Darren Pietrobono, Lenora Rabbit Carrier, Linda Andres, David Steele, Rhian Schroeder, Vince Hill (Standing left to right)
Hector Winnipeg, Vic Budz (Sitting left to right)
September 29, 2014
Anytime partnerships can be established, individuals and communities benefit. Bassano School is no exception to this principle. For 46 years now, Siksika First Nation students have been attending Bassano School with First Nation graduation rates increasing each year. Siksika students, who attend Bassano School demonstrate tremendous commitment to their education. Many of them spend up to two hours on the school bus each day. According to Tristan Weasel Head, Grade 12 student, “Coming to Bassano School has been a great experience and given me more opportunities and choices for my career path.”
Experiences like Tristan’s have been made possible because of the new three year partnership agreement that Grasslands Public Schools and Siksika First Nation negotiated this year. This agreement involves 73 students attending from Siksika from Grade 1 – 12. A First Nations person is employed as a Community Liaison worker to enhance communication with parents and students. In the new agreement this position will be a Grasslands position.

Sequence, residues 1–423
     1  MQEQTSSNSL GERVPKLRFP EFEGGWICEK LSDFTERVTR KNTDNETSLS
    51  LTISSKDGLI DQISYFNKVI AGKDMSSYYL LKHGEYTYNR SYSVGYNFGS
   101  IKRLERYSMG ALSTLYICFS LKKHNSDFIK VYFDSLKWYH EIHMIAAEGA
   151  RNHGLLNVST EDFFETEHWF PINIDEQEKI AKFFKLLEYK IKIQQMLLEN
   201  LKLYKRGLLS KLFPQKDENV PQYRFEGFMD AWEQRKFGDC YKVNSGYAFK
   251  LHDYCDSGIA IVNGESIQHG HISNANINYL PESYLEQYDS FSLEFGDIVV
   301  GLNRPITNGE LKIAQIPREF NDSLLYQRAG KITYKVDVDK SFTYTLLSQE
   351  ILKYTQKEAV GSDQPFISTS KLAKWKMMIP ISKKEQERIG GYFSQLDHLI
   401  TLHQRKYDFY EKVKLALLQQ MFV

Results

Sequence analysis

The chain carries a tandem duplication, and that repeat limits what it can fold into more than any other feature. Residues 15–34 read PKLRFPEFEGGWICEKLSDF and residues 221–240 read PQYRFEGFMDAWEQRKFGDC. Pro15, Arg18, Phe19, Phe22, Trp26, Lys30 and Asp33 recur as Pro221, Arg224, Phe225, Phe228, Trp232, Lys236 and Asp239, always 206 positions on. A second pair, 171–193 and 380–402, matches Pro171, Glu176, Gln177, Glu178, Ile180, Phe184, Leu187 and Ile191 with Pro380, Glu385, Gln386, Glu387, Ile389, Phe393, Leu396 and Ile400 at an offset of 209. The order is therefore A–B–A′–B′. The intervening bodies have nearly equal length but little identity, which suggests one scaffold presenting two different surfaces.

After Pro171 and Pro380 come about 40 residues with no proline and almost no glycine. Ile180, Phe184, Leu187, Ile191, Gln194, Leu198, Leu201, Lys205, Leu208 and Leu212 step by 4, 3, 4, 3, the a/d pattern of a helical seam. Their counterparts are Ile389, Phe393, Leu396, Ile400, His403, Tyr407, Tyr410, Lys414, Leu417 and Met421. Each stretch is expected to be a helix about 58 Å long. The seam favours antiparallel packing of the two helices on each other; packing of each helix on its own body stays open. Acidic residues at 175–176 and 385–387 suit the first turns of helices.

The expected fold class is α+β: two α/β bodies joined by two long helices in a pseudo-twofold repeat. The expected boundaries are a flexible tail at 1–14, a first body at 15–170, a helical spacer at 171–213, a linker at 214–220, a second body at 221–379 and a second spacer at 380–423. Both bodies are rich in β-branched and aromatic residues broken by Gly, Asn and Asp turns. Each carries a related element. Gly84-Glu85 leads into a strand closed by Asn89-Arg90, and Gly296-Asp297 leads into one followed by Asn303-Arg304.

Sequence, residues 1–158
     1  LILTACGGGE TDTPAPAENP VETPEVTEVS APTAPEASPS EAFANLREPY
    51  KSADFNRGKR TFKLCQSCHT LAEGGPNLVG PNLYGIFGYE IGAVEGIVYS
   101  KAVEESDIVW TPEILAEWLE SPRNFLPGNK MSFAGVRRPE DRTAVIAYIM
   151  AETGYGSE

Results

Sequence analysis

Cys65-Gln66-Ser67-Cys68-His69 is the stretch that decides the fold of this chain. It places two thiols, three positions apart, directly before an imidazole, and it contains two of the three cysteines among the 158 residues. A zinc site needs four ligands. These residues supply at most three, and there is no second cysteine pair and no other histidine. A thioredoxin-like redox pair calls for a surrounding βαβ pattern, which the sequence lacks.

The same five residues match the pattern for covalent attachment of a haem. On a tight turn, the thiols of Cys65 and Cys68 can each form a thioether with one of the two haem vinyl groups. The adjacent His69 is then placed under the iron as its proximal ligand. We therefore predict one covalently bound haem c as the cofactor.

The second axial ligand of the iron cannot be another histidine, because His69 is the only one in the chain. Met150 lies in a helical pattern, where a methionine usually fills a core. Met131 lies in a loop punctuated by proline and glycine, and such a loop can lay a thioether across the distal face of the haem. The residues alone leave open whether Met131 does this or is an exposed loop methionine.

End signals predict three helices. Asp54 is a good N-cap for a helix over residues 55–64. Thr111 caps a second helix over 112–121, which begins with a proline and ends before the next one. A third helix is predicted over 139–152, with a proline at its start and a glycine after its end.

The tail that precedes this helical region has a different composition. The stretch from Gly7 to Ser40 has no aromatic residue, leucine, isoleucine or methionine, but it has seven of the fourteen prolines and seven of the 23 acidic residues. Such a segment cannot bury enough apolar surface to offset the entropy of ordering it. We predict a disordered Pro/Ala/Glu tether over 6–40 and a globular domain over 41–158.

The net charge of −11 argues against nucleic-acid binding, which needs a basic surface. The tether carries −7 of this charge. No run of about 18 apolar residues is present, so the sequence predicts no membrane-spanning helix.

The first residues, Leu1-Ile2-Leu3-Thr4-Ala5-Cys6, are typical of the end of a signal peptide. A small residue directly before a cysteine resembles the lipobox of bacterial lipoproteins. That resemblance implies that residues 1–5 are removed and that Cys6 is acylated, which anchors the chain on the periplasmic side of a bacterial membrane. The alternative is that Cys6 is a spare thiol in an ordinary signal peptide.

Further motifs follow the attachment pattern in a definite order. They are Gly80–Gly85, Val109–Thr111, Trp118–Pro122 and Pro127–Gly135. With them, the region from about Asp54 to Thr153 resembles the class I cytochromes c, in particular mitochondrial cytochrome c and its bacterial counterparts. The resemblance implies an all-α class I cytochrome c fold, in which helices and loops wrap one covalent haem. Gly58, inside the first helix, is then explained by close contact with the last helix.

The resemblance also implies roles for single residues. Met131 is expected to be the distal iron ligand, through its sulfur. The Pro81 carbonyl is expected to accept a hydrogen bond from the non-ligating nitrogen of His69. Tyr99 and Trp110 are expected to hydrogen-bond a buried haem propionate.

Siksika spokesperson, Lenora Rabbit Carrier, Assistant Superintendent said “The partnership with Grasslands has been very positive, which is due to the collaborative efforts from both parties. We are proud of the commendable achievements of our students and the increasing graduation rates. The diverse programs offered, academic support and cultural infusion have given our students the tools to seek their academic goals and dreams”, and Grasslands Superintendent David Steele added “We are very proud of the programs in Bassano and the achievements of our Siksika students.
Vince Hill, Principal, who has been working with First Nation students for the past 25 years and just moved to Bassano, is thrilled to be working in a school which celebrates diversity and embraces all cultures. “I count it a privilege to be given this opportunity to support our First Nation students in a partnership such as this,” says Mr. Hill. “We have great students coming from Siksika, who want to be here, and want to learn.”